The Birth and Death of Stars
- Stars have existed for billions of years, and it is agreed that they follow a predicted life cycle however the path that each star follows is determined by the amount of matter that is gathered at the point of the 'birth' of the star. Stars are split into three major categories all according to their size. Those 3-5 times larger than our sun, those approximately our solar mass and those less than our sun.
Massive Stars ( giants)
Massive Stars are 3-5 times bigger than the size of our sun. They burn through their store of hydrogen extremely quick therefore meaning they have a much shorter life. They also have a very violent death.
Super Red Giant:
A super red giant is extremely large and it usually has a minimum of fifteen solar masses.
The super red giant will eventually collapse into what is known as a super nova. This is a large explosion of most of the material in the star. The result of this is a large, bright mass that emits great amounts energy. After the super nova either a black hole or a neutron star can occur.
A black hole is a large abyss or area of space-time with a gravitational field so intense that its escape velocity is equal to or exceeds the speed of light.
A neutron star is a cosmic mass consisting of the remains of a massive star which are very dense. This mass has only neutrons left and therefore having a very powerful gravitational pull.
RED GIANTSA red giant is a star that produces are fair amount of light due to their immense size. All medium stars pass through this stage during their life time. It occurs because the star's core is beginning to run out of hydrogen and eventually the core becomes so hot that helium is turned into carbon, this causes the outer layers of the star to expand. As it cools it turns red. Red Giants are about 10 - 1500 times larger than our sun and appear to be red.
When a stars energy store has completely run out, all the nuclear reactions stop and the gravitational collapse continues. the outer layers of the star expand, forming a planetary nebula which orbits around the remains of the core. It will continue dimming down and cooling until all of its heat energy is gone. White dwarfs have a low luminosity and a mass that is similar to our sun. Also they are extremely dense.
A brown dwarf is a celestial body that looks like a star however it can not emit any light at all because it is to small to ignite nuclear fusion. New brown dwarfs are hotter than older ones; the core of a brown dwarf is less than three million degrees Kelvin (726.85 degrees Celsius). They are also below 0.8 solar masses. Although the name of the star states that it is brown, the star is actually red . After the life cycle of a brown dwarf is complete it becomes a black dwarf.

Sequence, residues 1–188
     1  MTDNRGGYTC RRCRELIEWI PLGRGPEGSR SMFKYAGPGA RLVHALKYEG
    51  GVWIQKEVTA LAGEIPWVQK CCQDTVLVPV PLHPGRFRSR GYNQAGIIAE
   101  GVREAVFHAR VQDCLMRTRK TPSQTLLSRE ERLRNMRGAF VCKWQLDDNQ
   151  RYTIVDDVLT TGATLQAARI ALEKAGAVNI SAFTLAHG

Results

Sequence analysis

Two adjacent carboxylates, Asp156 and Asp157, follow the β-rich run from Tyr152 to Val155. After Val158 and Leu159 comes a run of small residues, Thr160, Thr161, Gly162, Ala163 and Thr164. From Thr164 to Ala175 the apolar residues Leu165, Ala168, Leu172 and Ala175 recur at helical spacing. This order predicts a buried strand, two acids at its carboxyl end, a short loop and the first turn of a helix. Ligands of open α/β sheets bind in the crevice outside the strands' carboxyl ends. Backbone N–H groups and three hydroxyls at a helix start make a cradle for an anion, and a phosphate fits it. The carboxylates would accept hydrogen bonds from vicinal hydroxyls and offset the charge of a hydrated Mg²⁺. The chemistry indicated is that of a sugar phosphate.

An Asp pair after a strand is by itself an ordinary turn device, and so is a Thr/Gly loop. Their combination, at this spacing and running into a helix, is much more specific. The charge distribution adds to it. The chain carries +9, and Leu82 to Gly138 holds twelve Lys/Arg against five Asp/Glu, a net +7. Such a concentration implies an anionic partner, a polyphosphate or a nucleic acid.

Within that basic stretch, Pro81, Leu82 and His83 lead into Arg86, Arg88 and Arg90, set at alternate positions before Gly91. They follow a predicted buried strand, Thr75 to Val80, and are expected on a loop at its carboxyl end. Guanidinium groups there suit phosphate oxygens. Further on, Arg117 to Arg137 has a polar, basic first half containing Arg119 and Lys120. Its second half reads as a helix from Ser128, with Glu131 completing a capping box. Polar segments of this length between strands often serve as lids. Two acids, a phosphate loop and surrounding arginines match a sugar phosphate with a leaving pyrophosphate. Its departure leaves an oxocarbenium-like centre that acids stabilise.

A black dwarf is a white dwarf that has cooled down to the same temperature as cosmic microwave background radiation. It is also invisible because as a white dwarf it was only shining when it was still hot. Once it has cooled down and become a black dwarf it no longer has heat or a power source to make it shine. It can take hundreds of billions of years to cool down completely so after this stage is competed the star just fades away.
What is the difference between massive stars and small stars?
There are many things that differ a massive star to a small star. Firstly they both have extremely different life cycles, especially when they 'die'.The life cycle of a massive star is different to a small stars because unlike a small star, it doesn't become a red giant but it fuses into a red super giant. From there it explodes into a supernova becoming either a black hole or a neutron star. Unlike the small star that first becomes a planetary nebula after the red giant, finally becoming a white dwarf then a brown dwarf. Obviously the size of these two stars are immensely different as a massive star is 3-5 our solar mass however a small star is less than a solar mass.
This is a HR diagram displaying the temperature and absolute magnitude of the star.